Posted by: Kerry Gans | December 11, 2018

The Great Burnout of 2018

I never thought it would happen to me. It seemed impossible. That constant flow of ideas, that itching to get back to whatever project I was working on, that could never stop. It had been there my whole life, it was inconceivable that there would be a time when it would not be. And yet here I am, in the midst of the Great Burnout of 2018.

I find myself in a creative desert. I have projects to work on, but no motivation to actually work on them. I clearly see that I am avoiding them, while at the same time beating myself up for not putting my nose to the grindstone and getting it done.

This burnout didn’t happen overnight. Looking back, the slowdown started after my daughter was born 9 years ago. Only it wasn’t apparent back then, because I had planned well. I had multiple manuscripts I had pushed to finish before her birth, so I could edit rather than create from scratch. So I remained productive for a number of years.

I started feeling it more acutely about 5 years ago, when I suddenly realized the ideas weren’t coming like they used to. When I had something to write about, I could still write, but the ideas were slower in coming. It was rather frightening to feel the spigot turn off. But my book The Witch of Zal got picked up by a publisher, and I was revising another older manuscript, so it all worked out well, as I kept busy.

Two years ago, things started getting rocky. My creative writing took a plunge. I managed it in fits and starts, but not consistently. I did squeeze out a new draft of a novel, and a complete re-edit of another manuscript, so in the end I didn’t do badly, but it was a struggle.

This year has been a disaster. My total words to date are about 87,000. And 68,000 of those are blog words, rather than creative writing words. I have had many outside pressures this year, and it doesn’t take a rocket scientist to figure out that my energy and focus has of necessity been used elsewhere. But to have no desire to write? To actively avoid it? That’s unlike me. The joy that always drew me to writing is gone, and in its place is burnout. I just have nothing left.

It is clear to me that the two main culprits are exhaustion and anxiety. I have been sleep deprived for months. There were weeks at a time I would get six hours or less of sleep a night. No wonder I have no energy for creativity. I have never in my life been a high-energy person, and dragging around on not enough sleep doesn’t help. And anxiety is my constant desire-suck companion. My anxiety is exacerbated when I am tired, plus I have had outside events ratcheting up my anxiety as well. October and November saw full-blown panic attacks from me, which have not happened in a long, long time. Anxiety, for me, often manifests in not wanting to do anything, to just curl up and hide.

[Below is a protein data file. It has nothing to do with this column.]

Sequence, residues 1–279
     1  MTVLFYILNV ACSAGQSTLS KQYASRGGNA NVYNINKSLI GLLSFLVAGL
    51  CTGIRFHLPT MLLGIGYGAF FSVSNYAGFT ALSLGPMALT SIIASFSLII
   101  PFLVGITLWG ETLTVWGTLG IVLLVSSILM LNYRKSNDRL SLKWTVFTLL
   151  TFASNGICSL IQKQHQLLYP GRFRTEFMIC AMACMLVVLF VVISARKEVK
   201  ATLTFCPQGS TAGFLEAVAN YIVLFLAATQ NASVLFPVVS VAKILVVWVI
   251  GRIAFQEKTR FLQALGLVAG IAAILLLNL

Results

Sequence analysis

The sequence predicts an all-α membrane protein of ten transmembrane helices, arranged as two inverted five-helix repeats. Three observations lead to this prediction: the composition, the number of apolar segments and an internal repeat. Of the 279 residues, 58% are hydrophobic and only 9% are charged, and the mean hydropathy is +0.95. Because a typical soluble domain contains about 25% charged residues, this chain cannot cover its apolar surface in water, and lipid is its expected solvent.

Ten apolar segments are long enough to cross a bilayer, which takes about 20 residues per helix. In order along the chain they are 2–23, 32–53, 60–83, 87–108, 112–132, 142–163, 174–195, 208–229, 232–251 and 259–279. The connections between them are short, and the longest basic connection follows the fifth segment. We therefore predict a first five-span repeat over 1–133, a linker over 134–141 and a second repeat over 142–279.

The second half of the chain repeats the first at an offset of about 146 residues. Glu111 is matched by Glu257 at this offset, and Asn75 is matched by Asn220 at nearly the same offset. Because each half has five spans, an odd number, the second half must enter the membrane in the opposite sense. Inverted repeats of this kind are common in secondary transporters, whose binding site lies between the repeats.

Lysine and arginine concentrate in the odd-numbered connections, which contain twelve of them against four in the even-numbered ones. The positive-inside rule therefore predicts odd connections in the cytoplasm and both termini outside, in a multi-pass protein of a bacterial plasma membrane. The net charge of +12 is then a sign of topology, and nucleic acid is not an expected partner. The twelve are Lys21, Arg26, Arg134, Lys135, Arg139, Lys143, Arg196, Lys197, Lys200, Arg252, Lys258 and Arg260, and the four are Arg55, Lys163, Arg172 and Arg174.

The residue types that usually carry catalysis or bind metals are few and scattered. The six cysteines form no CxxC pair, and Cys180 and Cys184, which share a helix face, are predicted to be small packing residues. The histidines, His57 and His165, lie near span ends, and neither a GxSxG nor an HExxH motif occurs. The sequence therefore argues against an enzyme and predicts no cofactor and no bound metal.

So how do I get my mojo back? How do I find the joy again? The desire? The focus? I think the first order of business has to be to rest. Get more sleep. Say “no” to people more often. Do only the things that need doing. But mostly get more sleep. My hope is that more sleep will shore up my emotional state and my anxiety will recede. Then maybe I can move out of this mental fog and get something going again.

There is hope for this approach. On the long ride down to North Carolina over Thanksgiving vacation, new ideas, characters, situations popped into my head. I never actually wrote them down, but they came to me—the first inklings of creativity in a long time. So maybe, as outside events resolve themselves and I try to do better at self-care, I will feel that urge to write again.

The term “burnout” sounds like a sudden onset problem, but for me it wasn’t. I bet it wasn’t for many of the other writers who have experienced burnout. While it may have come to a head in an onslaught of overwhelming events, I would bet the signs were there long before it reached critical mass.

So pay attention, fellow scribes. Step back and look. If you’ve been experiencing slowdowns or hiccoughs in your writing, it may be a sign of something larger looming. Ask yourself if you need to do something to refill the well, to take care of yourself. Figure it out now, before the burnout hits. Because when a writer can’t write, it’s a very empty feeling—and a long road back to finding yourself again.

Have you ever experienced burnout? How did you revitalize yourself and your writing?

 


Responses

  1. […] 8. The Great Burnout of 2018 […]

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  2. […] have talked about being in the midst of a great burnout. No creativity at all. 2018 was horrific, writing-wise. I totaled 89,672 words—and 73,218 of them […]

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